Inoculants Population ( Per cent)
Duration of storage ( days)
0 10 20 30 60 90 120 150 180 360
Inoculant 1 Bj 100.00 100.90a 102.34a 102.94a 102.60a 102.04ab 101.53ab 100.73abc 100.30a 88.89ab
Inoculant 2 Pf 100.00 100.34abc 100.00b 100.68cd 101.40ab 101.65ab 101.27abc 101.10ab 98.73ab 87.83abc
Inoculant 3 Bm 100.00 99.66bcde 100.72b 101.36bc 101.83ab 102.34a 101.62a 101.11ab 99.71a 88.06ab
Inoculant 4 Bj 100.00 100.64ab 100.34b 99.74d 101.24ab 101.50ab 101.20abc 99.36cde 95.47d 89.49a
Pf 100.00 99.54cde 99.92b 100.46cd 101.73ab 101.18abc 99.92cd 99.88abcde 97.31bc 88.46ab
Inoculant 5 Bj 100.00 100.08abcde 99.54b 100.72cd 101.35ab 101.56ab 100.51abc 100.25abcd 97.55bc 84.53cd
Bm 100.00 100.85a 100.51b 101.27bc 102.03ab 101.48ab 100.05bcd 99.79bcde 98.86ab 83.18d
Inoculant 6 Pf 100.00 99.07e 99.92b 101.27bc 101.73ab 100.84bc 100.55abc 98.78e 97.68bc 85.57bcd
Bm 100.00 100.13abcd 101.02ab 102.04ab 101.45ab 101.82ab 100.47abc 98.90de 97.25bc 87.08abc
Inoculant 7 Bj 100.00 100.30abc 99.79b 101.32bc 101.91ab 102.25a 101.49ab 101.23a 99.49a 78.39e
Pf 100.00 100.34abc 100.93ab 101.61bc 101.06ab 100.00cd 100.80abc 98.94de 96.62cd 79.46e
Bm 100.00 99.24de 99.87b 100.55cd 100.38a 99.20d 98.82d 98.69e 97.43bc 78.04e
LSD at 1% NS 1.00 1.50 1.23 1.83 1.22 1.52 1.37 1.59 3.18

Note: Means with same superscript are statistically on par at P £ 0.01 by DMRT
Bj: Bradyrhizobium japonicum, Pf: Pseudomonas fluorescens, Bm: Bacillus megaterium.

The investigation aimed on two different aspects, one is carrier based formulation and another was consortium development. The survival of any microbial inoculants mainly depends on the carrier material. Carrier materials used in the study satisfies the essential criteria of ideal carrier such as high water holding capacity, rich organic matter content, neutral pH, easy availability and low cost (Arangarasan et al., 1998). The maximum viable cells of Bradyrhizobium japonicum, Pseudomonas fluorescens and Bacillus megaterium in single, dual and triple inoculants were maintained in talc amended with vemicompost and urbancompost formulation compared to talc formulation. This may be due to high nutrient content present in organic materials supported the survival of microbial inoculants during storage period. Similar results were obtained by Rajasekar and Karmegam (2010) reported more than 1 X 107 viable cells/ g (Azotobacter chroococcun, Bacillus megaterium and Rhizobium leguminosarum) observed in different combination of vermicast with lignite upto 10 months. Survival of Pseudomonas fluorescens, Bacillus subtilis, Azospirillum brasilense were reported in different organic carriers like vermicompost, spent mushroom, farm yard manure, pressmud, rice bran (Karunya and Reetha, 2014;  Gade et al., 2014 and Singh et al., 2014).

Highest survival rate of microbial inoculants were found in triple inoculants in all the developed carrier based formulations. The significant difference in survival was mainly due to synergistic effect of the inoculants on each other. The factors that affect the longevity of the cells of microbial inoculants include temperature, moisture and carrier materials. The result of the study is on par with the findings of Sahu et al., 2013 and Lavanya et al., 2015, reported triple inoculant formulation maintained maximum population of Acinetobacter sp., Pseudomonas fluorescens, Bacillus megaterium and Azotobacter chroococcum in consortium.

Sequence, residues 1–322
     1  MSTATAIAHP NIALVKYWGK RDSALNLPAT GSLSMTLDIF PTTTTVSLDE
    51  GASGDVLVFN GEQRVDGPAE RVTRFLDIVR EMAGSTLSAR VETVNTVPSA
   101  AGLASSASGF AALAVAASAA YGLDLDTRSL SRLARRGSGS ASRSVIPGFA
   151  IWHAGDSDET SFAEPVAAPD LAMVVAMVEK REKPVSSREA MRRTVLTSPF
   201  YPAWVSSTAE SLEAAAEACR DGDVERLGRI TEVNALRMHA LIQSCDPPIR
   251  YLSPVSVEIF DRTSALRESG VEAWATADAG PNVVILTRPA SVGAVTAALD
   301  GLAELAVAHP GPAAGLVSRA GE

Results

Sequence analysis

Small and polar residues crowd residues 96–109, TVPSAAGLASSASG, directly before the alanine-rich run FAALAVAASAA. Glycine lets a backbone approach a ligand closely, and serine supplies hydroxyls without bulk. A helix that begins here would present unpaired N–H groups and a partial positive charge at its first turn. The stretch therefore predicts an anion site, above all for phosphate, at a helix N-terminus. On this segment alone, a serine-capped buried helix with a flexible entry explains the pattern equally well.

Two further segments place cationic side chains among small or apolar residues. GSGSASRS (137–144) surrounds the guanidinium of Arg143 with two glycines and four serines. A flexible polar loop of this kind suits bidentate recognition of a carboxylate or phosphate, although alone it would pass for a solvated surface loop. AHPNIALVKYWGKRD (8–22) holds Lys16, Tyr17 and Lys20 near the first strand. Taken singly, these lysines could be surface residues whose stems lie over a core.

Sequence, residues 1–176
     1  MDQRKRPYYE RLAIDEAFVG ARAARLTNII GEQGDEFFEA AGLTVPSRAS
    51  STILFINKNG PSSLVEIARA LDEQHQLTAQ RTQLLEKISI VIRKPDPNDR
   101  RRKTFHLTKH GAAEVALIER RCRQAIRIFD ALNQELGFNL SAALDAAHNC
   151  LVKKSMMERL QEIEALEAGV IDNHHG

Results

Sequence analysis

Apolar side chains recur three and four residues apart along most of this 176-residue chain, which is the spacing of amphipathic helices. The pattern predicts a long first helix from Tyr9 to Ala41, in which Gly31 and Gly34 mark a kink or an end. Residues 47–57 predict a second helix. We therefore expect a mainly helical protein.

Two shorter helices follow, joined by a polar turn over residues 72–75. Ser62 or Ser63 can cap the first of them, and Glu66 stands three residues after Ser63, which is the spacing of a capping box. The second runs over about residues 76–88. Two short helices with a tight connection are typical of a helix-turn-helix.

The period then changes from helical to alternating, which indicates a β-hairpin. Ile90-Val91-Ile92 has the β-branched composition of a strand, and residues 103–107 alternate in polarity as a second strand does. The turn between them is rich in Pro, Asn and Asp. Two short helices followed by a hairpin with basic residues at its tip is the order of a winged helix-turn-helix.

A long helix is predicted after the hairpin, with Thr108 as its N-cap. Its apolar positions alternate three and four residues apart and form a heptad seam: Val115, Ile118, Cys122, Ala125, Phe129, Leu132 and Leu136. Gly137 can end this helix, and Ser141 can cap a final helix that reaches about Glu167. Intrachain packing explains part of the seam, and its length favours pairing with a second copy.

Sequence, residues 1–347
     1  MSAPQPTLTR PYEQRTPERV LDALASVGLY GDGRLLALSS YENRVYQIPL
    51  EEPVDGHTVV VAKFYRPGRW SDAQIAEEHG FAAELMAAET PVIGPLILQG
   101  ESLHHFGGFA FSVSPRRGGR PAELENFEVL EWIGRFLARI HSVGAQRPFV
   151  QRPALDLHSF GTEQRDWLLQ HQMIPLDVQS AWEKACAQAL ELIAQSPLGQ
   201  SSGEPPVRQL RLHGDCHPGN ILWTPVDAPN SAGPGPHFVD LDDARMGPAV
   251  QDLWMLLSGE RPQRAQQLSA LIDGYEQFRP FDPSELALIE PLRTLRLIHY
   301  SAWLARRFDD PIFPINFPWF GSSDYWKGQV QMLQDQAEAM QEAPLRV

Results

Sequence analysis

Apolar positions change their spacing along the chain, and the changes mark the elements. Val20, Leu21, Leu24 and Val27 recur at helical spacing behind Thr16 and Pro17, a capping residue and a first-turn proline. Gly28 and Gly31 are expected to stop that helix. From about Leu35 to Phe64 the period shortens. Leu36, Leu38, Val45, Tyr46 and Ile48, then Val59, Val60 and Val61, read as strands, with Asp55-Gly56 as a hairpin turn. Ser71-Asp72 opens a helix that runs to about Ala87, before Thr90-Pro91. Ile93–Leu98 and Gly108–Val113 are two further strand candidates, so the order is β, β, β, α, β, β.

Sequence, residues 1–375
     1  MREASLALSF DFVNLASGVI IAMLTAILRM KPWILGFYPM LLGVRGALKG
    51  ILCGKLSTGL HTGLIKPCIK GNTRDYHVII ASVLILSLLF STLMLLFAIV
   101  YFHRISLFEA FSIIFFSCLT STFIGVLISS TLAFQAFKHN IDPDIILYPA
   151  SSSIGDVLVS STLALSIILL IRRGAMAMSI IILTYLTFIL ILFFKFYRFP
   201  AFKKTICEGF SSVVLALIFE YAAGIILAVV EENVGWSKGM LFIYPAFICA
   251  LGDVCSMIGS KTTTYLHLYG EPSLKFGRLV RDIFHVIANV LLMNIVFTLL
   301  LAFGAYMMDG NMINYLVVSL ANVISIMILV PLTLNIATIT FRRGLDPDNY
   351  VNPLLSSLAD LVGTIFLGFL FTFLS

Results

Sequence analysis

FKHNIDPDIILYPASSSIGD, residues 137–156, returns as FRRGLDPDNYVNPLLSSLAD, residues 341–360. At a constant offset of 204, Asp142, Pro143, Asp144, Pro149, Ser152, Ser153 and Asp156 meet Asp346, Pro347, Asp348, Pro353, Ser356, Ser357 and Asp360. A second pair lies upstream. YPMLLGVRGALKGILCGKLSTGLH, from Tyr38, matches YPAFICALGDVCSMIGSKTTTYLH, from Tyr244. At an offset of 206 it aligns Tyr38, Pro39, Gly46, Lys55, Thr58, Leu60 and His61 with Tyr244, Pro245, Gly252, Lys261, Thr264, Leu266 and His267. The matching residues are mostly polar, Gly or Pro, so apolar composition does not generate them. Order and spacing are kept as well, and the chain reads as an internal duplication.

Commonly used carrier for microbial inoculants are peat, lignite, talc etc., which support the growth of microbial inoculants. Use of organic materials like vermicompost, urban compost as carrier increases the survival rate of microbial inoculants in biofertilizer formulation by providing nutrients for growth and metabolic activities of microbial inoculants during storage. The study indicated that the use of organic materials as amendment with talc was found to be successful in maintaining the viable cells of microbial inoculants in consortium for longer period of time which could meet the Bureau of Indian Standards and also possible delivery of microbial consortium in a single carrier. Hence organic materials can be used as amendment with talc which can be an efficient carrier for development of microbial inoculant formulation.

References
  1. Arangarasan, V., Palaniappan, S.P., Chelliah, S. Inoculation effects of diazotrophs and phosphobacteria on rice. Indian J. Microbiol., 1998; 38(2): 111-112.
  2. Gade, R.M., Chaithanya, B.H., Khurade, K.C. A comparative study of different carriers for shelf life of Pseudomonas fluorescens. The Bioscan, 2014; 9(1): 287-290.
  3. Karunya, S.K., Reetha, D. Survival of saline tolerant PGPR in different carriers and liquid formulations. Int. J. Adv. Res. Biol. Sci., 2014; 1: 179-183.
  4. Lavanya, G., Sahu, P.K., Manikanta, D.S., Brahmaprakash, G.P. Effect of fluid bed dried formulation in comparison with lignite formulation of microbial consortium on finger millet (Eleusine coracona Gaertn.). J. Pure Appl. Microbiol., 2015; 9(2): 193-199.
  5. Little, T.M., Hills, J.F. Agricultural experimentation. John Wiley and sons, New York, USA. 1978.
  6. Mohammadi, K., Sohrabi, Y. Bacterial biofertilizer for sustainable crop production, A review. J. Agril. Biol. Sci., 2012; 7: 2.
  7. Mugnier, J., Jung. G. Survival of bacteria and fungi in relation to water activity and the solvent properties of water in biopolymer. Appl. Environ. Microbiol., 1985; 50: 108-114.
  8. Rajasekar, K., Karmegam, N. Earthworm casts as an alternate carrier material for biofertilizers: Assessment of endurance and viability of Azotobacter chroococcum, Bacillus megaterium and Rhizobium leguminosarum. Scientia Horticulturae., 2010; 124: 286–289.
  9. Roy, B.D., Deb, B., Sharma, G.D. Evaluation of carrier based inoculants of Azotobacter Chroococcun strain SDSA-112/2 in improving growth and yield of summer rice. IR-36. Biofrent, 2010; 1: 36-40.
  10. Sahu, P.K., Lavanya, G., Brahmaprakash, G.P. Fluid bed dried microbial inoculants formulation with improved survival and reduced contamination level. J. Soil Biol. Ecol., 2013; 33(1-2): 81-94.
  11. Singh, S., Govind Gupta, Ekta Khare, Behal, K.K., Naveen, K.A. Effect of enrichment material on the shelf life and field efficiency of bioformulation of Rhizobium sp. and P-solubilizing Pseudomonas fluorescens. Sci. Res. Reporter, 2014; 4(1): 44-50.
  12. Smith, R.S. Legume inoculant formulation and application. Can. J. Microbiol., 1992; 38: 485-492.

Article Metrics

Article View: 2619

Share This Article

© The Author(s) 2016. Open Access. This article is distributed under the terms of the Creative Commons Attribution 4.0 International License which permits unrestricted use, sharing, distribution, and reproduction in any medium, provided you give appropriate credit to the original author(s) and the source, provide a link to the Creative Commons license, and indicate if changes were made.